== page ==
Greg Day McAfee
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Wikipedia defines social engineering as 'based on specific attributes of human decision-making known as cognitive biases', and highlights that these biases, 'sometimes called "bugs in the human hardware", are exploited in various combinations to create attack techniques'. If software vulnerabilities are the entry point to IT systems, susceptibility to social engineering creates an entry point at the human level, giving access to our most prized possessions: our systems and data.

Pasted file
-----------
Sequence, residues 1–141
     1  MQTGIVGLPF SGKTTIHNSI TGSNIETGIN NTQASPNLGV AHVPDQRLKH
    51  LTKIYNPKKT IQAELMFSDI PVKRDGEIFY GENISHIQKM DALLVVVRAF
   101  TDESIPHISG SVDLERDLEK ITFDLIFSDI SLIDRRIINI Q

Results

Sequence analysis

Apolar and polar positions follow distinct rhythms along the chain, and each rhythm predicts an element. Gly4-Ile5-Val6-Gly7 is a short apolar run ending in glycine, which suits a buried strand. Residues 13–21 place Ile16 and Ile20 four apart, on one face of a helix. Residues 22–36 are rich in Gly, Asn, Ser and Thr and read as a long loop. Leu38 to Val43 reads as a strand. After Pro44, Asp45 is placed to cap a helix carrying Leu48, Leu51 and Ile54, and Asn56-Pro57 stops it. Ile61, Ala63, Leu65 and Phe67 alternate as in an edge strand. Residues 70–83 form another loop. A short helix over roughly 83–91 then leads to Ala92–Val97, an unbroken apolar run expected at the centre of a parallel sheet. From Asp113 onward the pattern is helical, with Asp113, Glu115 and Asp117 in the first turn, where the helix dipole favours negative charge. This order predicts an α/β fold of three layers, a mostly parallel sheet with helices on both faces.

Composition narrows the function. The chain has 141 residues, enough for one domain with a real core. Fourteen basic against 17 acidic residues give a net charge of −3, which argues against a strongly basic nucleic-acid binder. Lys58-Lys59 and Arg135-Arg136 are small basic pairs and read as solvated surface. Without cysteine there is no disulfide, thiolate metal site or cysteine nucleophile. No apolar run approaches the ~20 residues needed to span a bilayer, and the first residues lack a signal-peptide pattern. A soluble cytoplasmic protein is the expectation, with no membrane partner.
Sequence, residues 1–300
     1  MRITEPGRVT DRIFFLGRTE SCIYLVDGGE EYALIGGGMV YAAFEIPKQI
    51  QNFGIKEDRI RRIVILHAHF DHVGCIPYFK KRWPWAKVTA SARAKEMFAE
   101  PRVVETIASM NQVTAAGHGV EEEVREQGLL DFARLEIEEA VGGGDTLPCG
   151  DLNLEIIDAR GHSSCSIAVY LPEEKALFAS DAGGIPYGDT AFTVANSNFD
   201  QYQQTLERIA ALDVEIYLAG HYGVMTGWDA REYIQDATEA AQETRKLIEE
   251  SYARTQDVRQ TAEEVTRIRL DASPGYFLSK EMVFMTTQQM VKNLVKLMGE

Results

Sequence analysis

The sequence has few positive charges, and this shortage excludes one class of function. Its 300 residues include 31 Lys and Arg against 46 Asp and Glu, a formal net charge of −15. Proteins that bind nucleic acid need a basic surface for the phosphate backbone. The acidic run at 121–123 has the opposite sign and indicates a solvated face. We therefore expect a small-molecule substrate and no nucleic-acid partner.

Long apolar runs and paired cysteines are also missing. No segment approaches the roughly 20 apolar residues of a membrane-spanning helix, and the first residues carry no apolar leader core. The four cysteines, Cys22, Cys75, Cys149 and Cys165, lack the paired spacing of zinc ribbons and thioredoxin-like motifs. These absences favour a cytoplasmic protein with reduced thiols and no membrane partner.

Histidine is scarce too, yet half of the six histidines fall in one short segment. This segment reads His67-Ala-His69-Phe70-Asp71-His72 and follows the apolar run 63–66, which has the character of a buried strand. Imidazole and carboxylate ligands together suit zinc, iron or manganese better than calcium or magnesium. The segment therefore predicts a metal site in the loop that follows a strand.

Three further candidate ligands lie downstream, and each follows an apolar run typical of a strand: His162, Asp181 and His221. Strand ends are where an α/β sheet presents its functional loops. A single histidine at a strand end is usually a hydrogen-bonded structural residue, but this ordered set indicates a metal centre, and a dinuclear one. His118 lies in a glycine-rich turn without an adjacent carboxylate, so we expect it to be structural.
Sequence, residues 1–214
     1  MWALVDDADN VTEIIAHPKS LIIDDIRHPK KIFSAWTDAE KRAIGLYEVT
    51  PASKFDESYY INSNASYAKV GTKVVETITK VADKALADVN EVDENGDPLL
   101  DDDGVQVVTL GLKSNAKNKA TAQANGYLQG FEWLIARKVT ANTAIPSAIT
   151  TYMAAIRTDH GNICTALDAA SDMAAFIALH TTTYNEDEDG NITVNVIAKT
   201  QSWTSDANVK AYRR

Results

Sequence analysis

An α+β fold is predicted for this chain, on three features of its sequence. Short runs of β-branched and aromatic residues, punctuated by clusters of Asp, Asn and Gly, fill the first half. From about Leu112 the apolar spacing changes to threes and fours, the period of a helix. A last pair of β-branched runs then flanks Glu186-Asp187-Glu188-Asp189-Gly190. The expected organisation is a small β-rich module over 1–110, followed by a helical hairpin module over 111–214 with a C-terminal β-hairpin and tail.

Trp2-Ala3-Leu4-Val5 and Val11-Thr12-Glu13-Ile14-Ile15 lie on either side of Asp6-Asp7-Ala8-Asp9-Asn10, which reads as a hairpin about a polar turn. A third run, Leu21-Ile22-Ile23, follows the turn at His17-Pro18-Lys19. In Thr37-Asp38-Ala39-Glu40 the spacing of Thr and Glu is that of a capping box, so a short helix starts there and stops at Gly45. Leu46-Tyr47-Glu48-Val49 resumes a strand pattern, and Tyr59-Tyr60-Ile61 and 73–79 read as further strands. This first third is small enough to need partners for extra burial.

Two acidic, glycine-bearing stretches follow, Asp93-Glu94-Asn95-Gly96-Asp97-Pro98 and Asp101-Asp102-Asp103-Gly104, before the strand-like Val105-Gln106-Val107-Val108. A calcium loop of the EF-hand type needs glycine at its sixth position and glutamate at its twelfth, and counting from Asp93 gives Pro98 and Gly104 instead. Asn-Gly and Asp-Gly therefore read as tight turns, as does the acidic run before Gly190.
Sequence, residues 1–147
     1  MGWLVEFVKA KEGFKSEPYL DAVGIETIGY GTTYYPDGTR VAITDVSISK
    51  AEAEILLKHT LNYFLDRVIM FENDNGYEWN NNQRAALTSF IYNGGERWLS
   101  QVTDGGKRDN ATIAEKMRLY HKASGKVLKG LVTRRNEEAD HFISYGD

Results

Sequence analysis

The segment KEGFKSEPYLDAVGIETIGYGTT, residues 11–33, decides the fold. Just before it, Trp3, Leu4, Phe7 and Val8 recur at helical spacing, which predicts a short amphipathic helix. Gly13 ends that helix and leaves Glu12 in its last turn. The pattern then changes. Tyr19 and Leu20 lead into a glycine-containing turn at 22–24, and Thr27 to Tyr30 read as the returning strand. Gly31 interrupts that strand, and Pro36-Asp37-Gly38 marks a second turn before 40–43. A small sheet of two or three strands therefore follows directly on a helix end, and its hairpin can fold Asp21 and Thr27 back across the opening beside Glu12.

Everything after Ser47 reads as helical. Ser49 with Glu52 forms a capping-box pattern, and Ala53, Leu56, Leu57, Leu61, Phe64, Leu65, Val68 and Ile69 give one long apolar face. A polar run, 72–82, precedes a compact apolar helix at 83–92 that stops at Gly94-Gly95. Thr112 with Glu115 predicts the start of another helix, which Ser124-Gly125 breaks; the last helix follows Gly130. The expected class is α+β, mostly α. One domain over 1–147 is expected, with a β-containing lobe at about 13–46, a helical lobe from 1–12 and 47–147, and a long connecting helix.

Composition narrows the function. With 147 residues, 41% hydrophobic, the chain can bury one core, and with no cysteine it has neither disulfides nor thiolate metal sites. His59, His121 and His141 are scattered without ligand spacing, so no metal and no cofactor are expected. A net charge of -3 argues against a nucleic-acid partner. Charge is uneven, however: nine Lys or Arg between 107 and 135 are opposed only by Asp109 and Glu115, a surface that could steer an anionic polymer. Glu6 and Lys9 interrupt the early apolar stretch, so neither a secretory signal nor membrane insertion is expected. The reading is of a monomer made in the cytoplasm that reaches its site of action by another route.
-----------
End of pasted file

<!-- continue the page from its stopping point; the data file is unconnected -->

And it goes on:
Just as Houdini first baffled and bamboozled the public with the art of misdirection, social engineering tricks have been used to influence individuals, groups and governments alike.
From the early 419 Nigerian scams of the 1980s and the 'click me' threats such as the 'I love you' mass mailer in the 1990s, to today's domain squatting, Web 2.0, phishing and SMS'hing, we will examine the evolution of social engineering attacks, highlighting key principals and physiological techniques used to misdirect computer users into handing over information or running code, even with years of experience of such attacks.
How can we manage the problem? Will technology save us or do we simply need better user education? How will it evolve? Through a better understanding we can answer these questions.